Flood damage being assessed in county

Wednesday, May 3, 2017
The portion of the Cassville Greenway Trail running under the Highway 112 bridge was totally submerged Saturday afternoon during a flooding event in the city. Kyle Troutman editor@cassville-democrat.com

Infrastructure money likely, assistance in air

The cleanup and damage assessment process is now underway following severe flash flooding throughout Cassville and Barry County over the weekend.

Barry County Presiding Commissioner Cherry Warren declared a local state of emergency on Friday, and Missouri Gov. Eric Greitens has declared a state of emergency, as well. By the end of the rains on Saturday, more than 5 inches of rain had fallen in northern Barry County, 5-8 inches fell in central Barry County and 6-8 inches fell in southern Barry County.

A barrel was one of many items of debris floating down Flat Creek on Saturday, tunneling through the Highway 112 bridge and floating through portions of the Cassville City Park. Kyle Troutman editor@cassville-democrat.com

Flat Creek, which runs through Cassville, broke its banks Saturday, flooding portions of Highway 112, Highway 248, Sale Barn Road, Main Street, Fair Street and the Cassville City Park and Greenway Trail. Elsewhere in the county, Highways C, Y, U, F, 39, 76 and 112 near Roaring River were flooded.

Normally sitting at 4.5 feet and hitting minor flood stage at 7 feet, the gauge in Jenkins showed Flat Creek hovering at 7 feet all day Friday, rising rapidly on Saturday and cresting at 25.74 feet at midnight on Sunday, breaking the previous record of 25.3 feet in December 2015. As of Monday at noon, it had fallen back to below 10 feet.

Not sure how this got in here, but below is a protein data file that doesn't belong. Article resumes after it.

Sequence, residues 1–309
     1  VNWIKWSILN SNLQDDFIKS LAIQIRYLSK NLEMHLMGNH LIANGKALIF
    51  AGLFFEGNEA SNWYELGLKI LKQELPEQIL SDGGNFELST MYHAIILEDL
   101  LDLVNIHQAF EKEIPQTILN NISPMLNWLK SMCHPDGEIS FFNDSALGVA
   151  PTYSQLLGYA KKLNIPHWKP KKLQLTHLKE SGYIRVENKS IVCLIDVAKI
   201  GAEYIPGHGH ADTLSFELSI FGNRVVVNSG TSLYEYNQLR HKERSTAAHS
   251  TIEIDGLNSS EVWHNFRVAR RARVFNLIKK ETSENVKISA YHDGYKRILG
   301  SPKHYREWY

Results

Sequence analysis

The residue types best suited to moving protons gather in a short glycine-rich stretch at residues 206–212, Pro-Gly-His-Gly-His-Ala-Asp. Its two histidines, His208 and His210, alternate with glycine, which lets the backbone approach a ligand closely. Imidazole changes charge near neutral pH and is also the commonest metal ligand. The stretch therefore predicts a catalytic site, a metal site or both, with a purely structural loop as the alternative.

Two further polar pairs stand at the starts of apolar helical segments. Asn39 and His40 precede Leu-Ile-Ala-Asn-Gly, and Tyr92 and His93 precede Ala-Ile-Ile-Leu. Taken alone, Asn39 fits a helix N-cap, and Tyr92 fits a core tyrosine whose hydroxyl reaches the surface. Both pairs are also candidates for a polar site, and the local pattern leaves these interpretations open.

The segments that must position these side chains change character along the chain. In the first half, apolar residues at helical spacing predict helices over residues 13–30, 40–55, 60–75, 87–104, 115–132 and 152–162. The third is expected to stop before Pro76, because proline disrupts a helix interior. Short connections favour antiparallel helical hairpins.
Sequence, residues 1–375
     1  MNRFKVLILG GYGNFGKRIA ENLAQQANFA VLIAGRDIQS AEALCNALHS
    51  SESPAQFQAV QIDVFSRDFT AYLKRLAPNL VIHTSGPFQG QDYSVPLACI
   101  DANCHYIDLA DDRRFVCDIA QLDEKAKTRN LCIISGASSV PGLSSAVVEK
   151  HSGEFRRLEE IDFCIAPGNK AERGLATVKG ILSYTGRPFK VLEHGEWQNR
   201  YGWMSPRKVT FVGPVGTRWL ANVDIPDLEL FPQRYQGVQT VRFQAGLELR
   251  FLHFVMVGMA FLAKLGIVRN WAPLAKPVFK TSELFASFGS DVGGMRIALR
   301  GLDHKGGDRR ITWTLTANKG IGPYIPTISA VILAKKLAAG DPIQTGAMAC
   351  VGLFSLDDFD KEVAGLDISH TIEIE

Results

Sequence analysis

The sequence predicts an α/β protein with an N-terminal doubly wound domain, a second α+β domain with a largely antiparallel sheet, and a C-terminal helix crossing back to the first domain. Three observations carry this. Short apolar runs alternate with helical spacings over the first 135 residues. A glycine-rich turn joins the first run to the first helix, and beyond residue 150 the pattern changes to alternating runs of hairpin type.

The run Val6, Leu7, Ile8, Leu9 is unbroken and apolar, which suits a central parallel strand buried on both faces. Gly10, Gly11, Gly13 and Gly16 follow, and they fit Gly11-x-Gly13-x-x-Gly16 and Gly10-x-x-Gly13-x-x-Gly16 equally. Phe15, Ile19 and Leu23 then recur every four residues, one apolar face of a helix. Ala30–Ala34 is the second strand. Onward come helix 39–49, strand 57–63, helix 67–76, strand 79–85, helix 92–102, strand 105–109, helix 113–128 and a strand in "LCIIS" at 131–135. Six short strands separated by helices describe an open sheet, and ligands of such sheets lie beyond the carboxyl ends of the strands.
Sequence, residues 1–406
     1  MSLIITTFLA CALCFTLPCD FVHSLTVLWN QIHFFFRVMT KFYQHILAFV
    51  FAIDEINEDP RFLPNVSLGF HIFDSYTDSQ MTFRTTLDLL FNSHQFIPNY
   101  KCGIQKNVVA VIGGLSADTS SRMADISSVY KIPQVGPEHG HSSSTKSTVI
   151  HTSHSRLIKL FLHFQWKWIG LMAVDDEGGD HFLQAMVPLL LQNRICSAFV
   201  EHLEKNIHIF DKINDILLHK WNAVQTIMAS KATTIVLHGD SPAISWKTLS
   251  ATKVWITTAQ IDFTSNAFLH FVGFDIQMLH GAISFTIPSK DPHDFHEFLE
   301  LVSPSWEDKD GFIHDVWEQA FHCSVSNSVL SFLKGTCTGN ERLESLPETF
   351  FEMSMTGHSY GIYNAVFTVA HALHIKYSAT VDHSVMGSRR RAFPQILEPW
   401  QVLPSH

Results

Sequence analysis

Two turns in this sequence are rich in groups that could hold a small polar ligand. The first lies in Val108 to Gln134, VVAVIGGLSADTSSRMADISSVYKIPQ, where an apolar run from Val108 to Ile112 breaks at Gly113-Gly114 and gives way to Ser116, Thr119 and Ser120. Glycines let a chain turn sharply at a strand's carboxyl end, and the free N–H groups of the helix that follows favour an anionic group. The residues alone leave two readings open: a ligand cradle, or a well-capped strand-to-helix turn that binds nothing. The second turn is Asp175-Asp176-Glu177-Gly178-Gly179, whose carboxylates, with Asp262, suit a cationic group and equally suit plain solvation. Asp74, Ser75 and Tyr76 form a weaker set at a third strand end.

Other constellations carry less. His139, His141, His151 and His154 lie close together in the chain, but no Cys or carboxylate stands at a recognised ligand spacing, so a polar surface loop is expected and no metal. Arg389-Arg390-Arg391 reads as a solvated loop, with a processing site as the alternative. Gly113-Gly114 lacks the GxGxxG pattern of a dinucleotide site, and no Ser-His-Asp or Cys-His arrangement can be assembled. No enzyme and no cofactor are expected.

David Compton, Barry County Emergency Management director, said throughout the county, there were 11 rescues, none of which were in swift water.

Heavy rains led to the swelling of Flat Creek on Saturday, and water rushed under the Highway 248 bridge and into the Cassville City Park. Kyle Troutman editor@cassville-democrat.com

“Most of those were in the central and southern parts of the county, and we had two up north we responded to, but they didn’t end up needing help,” Compton said. “None of the rescues were in swift water, but were just helping people evacuate. People this time were very smart and did not get trapped in high water.

“We had the Purdy Swift Water Rescue Team ready to go all day Saturday, and they ended up keeping the Autumn Woods Apartments in Purdy from flooding by pumping water out of a nearby ditch.”

Compton said on Monday that Table Rock Lake was still very high, which could cause still more flooding problems in the Shell Knob area, such as in Big Bass Bend.

People had to be evacuated from the Budget Inn on Highway 112 Saturday, as high waters reached the first floor doors of the building, replicating flooding from July 2015. Kyle Troutman editor@cassville-democrat.com

“That’s something we are still keeping our eyes on,” he said.

Compton said early estimates show about $250,000 in public infrastructure damage, which doubles the threshold needed to apply for and receive assistance for repairing things like roads and bridges.

“What we have right now is not a full estimate, but it’s enough that we absolutely will apply for federal aid,” Compton said. “Barry County has already submitted its preliminary assessment on public infrastructure.

More than just people were displaced by high flood waters of Flat Creek Saturday, as Barry County Deputy Kyle Rhea had to give a helping hand to a small catfish struggling to cross Highway 112 and find its way back into deeper waters. Kyle Troutman editor@cassville-democrat.com

“Highway C in McDowell was impressively shut down. It will be fairly impassable. We lost some big chunks of pavement. Highway 76 also had some minor damage.”

While the public side is ripe for assistance, Compton said he less enthusiastic about receiving individual assistance. He about a dozen businesses and a dozen homes, many on Fair Street in Cassville, have reported varying degrees of damage.